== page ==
The slopes of volcanic cone Mount Tabor are dotted with iconic lampposts—but only one is so whimsically placed that it recalls the children’s books of C.S. Lewis. Fans of the Narnia stories—you know, the ones where a lion is Jesus—will remember that little Lucy Pevensie meets a talking faun called Mr. Tumnus beside a gas streetlamp in the middle of a forest. The lamp in Mount Tabor Park, planted above the city’s Reservoir 5, is similarly remote: It marks the intersection of three steep trails in a glen of firs, with no other sign of habitation in sight.
Teenagers have long recognized this as a place of magic, scrawling messages on the concrete lamppost about the various illicit, hallucinogenic substances they have smoked there, along with a cartoon drawing of a giant squid. One visitor has left a message that is probably not a Christian allegory: “TXT ME DICK PICS!” AARON MESH.
Cars made Maywood Park, but bikes sustain it. In 1967, when I-205 was being plotted through residential areas around Portland, the inhabitants of a particularly nice subdivision in Portland’s Parkrose neighborhood opposed the construction. Because the feds had promised not to build freeways through cities that didn’t want them, the neighborhood incorporated into a separate city, called Maywood Park (cityofmaywoodpark.com). The scheme didn’t work, and half the neighborhood was razed for the freeway.
But the 700-person burg left untouched behind a noise wall out-Portlanded Portland, erecting a glorious monument to passive-aggression along the only thoroughfare it wishes to claim, the bike path laid next to the hated freeway. To call Maywood Park’s impeccably landscaped knolls the “nicest section of the bike path” is to undersell the city. This little Mayberry exists apart from everything around it, sitting comfortably on a soft carpet of grass, protected by thick hedges and shaded by towering old-growth trees. You ride through to find every home well-kept and every resident smiling. “You see that, Portland?” Maywood Park telegraphs over the soft din of freeway traffic. “We won.” MARTIN CIZMAR.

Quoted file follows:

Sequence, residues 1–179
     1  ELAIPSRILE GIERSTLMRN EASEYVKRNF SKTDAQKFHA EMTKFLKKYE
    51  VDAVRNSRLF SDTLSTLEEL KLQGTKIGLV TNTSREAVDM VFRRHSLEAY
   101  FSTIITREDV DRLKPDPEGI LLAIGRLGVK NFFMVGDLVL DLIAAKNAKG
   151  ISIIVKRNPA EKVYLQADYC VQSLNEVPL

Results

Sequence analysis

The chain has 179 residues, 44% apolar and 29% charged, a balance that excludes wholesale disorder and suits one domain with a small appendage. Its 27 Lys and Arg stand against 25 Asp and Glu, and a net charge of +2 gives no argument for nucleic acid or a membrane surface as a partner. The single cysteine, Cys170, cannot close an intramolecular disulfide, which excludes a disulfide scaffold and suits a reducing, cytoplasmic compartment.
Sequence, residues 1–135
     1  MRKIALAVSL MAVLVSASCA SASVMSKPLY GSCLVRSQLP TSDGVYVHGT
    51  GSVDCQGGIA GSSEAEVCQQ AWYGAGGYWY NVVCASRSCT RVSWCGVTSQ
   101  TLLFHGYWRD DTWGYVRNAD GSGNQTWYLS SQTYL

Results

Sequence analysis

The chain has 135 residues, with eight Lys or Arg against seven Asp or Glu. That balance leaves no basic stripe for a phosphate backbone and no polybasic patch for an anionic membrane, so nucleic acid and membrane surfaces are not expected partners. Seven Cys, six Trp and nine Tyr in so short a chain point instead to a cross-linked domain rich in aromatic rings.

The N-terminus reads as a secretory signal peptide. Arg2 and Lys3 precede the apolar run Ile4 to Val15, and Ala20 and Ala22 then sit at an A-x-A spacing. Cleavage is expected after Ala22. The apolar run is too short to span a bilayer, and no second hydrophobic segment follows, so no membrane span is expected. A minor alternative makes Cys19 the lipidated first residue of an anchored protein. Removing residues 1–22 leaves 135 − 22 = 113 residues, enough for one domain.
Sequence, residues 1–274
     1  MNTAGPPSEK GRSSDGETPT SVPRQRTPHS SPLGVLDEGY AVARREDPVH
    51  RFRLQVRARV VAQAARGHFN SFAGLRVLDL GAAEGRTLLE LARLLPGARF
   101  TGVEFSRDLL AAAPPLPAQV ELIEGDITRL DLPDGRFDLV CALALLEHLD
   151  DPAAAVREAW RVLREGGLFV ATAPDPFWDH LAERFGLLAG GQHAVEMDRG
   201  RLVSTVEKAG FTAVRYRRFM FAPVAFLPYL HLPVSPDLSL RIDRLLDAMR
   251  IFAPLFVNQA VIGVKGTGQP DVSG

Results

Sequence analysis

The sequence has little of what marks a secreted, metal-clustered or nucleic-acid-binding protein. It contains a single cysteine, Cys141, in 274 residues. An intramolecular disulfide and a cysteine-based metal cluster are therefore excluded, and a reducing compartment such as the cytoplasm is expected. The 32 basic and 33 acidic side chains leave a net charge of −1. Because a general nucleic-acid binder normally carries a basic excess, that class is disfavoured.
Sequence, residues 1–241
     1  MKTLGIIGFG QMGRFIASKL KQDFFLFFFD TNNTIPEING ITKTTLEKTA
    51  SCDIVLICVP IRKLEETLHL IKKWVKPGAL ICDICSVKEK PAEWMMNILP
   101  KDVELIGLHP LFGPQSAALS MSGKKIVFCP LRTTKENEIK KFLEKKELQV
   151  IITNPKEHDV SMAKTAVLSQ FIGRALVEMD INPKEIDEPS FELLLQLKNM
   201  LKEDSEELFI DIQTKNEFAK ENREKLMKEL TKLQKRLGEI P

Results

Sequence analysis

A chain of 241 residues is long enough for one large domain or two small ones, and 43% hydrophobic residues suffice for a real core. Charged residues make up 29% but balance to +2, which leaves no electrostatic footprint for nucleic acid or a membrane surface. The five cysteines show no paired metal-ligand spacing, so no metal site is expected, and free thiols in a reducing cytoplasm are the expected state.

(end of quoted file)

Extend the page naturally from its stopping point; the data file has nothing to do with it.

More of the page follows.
Haters gonna hate—except when they spend 72 pages telling you about the things they like. Never fear, Internet trolls: Once this issue is off the stands, Willamette Week’s staff of old cranks and cynical hipsters will resume shitting on everything. Sometimes, though, our disdain can be hard to decipher. @WWeekHatesIt, a Twitter page that appeared online in late May, cuts through all the big numbers and fancy talk and gets straight to the heart of exactly what it is we’re turning up our noses at. “Campaigns spend money on things? Well, @wweek hates it!” read the first dispatch, linking to a story on pro-fluoride campaign contributions. “A bunch of bohemians suck at keeping order? Well, @wweek hates it!” went another tweet, in regard to a Web post about Mayor Charlie Hales’ attempt to clean up Last Thursday.
Occasionally, our righteous indignation has been met with support: In response to a piece pranking bakeries that refused to serve gay couples, it was said that “@wweek AWESOMELY hates it!” Should we be offended that some armchair satirist is reducing 40 years of hard-nosed local journalism to blind curmudgeonry? Maybe. But in this modern age, imitation Twitter accounts are the sincerest form of flattery. @WWeekHatesIt? Well, WW likes it. And now, in atonement for that last sentence, I will write 3,500 words on why puppies are assholes. MATTHEW SINGER.
It took a toilet to finally convince me that robots will someday rule the world. Plunking down on a warm toilet seat is typically a bad sign when you’re a lady: Warm usually also means wet. But after polishing off a 22-ounce Kirin Ichiban at Shigezo (910 SW Salmon St., 688-5202, shigezo-pdx.com), I learned that warm can also be wonderful, and that Japanese loos are magical. That night, the imported Toto Washlet was cradling my cheeks as I sat next to a potted plant and a piece of Asian art.
This Tempurpedic of toilets provides more controls than the average cockpit, with options for bidet and rear-end water streams that I fiddled with for perfect pressure. When done, an air fan softly dried my delicate bits. Both Shigezo locations have the Toto Washlet in the ladies’ room; the newer Yataimura Maru spinoff on Southeast Division Street also has one in the men’s room. To which I say, domo arigato. ANDREA DAMEWOOD.